Prior to his junior year of high school, McLemore wasn’t on the radar of any major college programs. In a fateful turn of events, he attended a camp at Kansas University during the summer and unsurprisingly caught the attention of the Jayhawks coaches who were eager to learn more about the soft-spoken shooting guard with incredible athleticism. KU offered him a scholarship and after attending Oak Hill Academy (VA) and eventually graduating from Christian Life Center (TX), McLemore was declared a partial academic qualifier at Kansas, meaning he would redshirt and only be allowed to practice with the team during his freshman year.

While practicing against future pros Thomas Robinson and Tyshawn Taylor and getting his grades up, McLemore was an anonymous freshman to the rest of the Big XII who had no idea just how good Ben really was. Sure, head coach Bill Self and Co. knew they had a dynamic player, but there’s no way they could have predicted this kind of success. This past season, as a redshirt frosh, McLemore literally came out of nowhere to take college basketball by storm. “That year sitting out helped me a lot,” says McLemore. “Just watching my teammates go out there and give their all and watching the things they were doing and learning from them. It helped me mature and gave me a step ahead of everyone else this year.”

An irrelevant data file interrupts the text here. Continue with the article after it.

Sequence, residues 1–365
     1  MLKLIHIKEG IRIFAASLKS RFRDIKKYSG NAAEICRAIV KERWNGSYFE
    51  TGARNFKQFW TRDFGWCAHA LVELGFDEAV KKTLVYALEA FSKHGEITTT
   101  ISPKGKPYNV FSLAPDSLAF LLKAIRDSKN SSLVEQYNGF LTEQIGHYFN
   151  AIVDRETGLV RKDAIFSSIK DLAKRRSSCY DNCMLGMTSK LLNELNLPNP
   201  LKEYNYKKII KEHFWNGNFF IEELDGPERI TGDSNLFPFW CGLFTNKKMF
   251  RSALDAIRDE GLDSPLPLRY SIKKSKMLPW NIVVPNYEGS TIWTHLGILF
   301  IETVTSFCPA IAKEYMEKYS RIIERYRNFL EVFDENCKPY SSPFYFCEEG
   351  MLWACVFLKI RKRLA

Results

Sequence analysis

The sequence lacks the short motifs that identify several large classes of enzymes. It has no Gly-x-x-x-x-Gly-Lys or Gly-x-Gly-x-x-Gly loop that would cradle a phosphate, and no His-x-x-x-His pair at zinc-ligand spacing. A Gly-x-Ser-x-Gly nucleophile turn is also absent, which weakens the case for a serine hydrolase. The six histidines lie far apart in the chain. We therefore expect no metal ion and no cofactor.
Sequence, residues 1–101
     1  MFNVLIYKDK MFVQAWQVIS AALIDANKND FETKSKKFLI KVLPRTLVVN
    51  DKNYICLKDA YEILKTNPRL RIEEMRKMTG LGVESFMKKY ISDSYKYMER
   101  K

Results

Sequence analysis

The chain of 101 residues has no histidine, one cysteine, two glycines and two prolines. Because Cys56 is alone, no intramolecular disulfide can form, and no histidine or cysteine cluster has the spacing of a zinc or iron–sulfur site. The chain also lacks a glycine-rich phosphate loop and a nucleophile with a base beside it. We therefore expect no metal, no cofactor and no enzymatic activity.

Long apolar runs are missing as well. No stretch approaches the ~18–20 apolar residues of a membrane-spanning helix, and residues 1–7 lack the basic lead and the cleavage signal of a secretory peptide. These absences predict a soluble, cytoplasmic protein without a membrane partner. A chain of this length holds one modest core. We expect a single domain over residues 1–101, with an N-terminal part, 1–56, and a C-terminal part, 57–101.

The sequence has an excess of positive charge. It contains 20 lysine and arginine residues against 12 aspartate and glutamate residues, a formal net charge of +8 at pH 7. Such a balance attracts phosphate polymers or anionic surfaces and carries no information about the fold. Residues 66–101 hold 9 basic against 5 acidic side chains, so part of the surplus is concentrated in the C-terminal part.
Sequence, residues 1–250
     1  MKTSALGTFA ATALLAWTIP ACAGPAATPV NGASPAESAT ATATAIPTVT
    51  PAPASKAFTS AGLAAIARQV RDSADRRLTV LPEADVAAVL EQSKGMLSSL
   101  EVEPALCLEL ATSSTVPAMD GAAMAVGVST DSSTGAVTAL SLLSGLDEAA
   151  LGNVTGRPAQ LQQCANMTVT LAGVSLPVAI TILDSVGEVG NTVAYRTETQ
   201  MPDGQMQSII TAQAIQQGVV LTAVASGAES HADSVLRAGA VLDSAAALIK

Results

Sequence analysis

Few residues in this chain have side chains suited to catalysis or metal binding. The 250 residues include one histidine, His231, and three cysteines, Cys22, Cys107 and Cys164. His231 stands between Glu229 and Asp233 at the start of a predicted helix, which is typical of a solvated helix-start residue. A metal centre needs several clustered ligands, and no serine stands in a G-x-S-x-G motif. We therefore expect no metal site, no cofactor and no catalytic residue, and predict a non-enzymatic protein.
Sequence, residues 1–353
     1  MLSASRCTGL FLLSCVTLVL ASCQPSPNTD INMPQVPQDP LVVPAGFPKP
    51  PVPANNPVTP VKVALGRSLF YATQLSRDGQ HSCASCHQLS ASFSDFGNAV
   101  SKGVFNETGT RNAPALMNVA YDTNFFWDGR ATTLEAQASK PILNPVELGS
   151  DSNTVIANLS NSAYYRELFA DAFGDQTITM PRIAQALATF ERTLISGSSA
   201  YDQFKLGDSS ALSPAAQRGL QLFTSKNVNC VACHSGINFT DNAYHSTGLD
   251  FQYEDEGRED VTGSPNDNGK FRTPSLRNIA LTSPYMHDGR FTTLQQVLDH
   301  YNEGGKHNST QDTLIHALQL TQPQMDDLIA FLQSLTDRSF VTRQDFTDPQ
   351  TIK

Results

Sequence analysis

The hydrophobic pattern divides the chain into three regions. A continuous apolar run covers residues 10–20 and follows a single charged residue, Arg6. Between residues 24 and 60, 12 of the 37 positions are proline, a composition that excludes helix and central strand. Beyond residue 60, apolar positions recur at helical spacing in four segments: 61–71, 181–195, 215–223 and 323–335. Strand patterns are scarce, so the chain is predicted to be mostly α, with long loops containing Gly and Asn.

That learning experience translated into 16.4 points (the most ever for a Kansas freshman) on 50 percent shooting and 5.4 rebounds per game, a plethora of highlights, comparisons to future HOF player Ray Allen and chatter among scouts as a surefire NBA prospect and potential No. 1 pick. That much shine can certainly get to a 20-year-old’s head, but coming from humble beginnings, McLemore stays focused on getting better and working towards his ultimate goal of putting his family in a better situation. “I think I’m playing good, I can get better,” says McLemore. “I just have to keep playing my game and keep going out there and be aggressive like my coaches want me too.”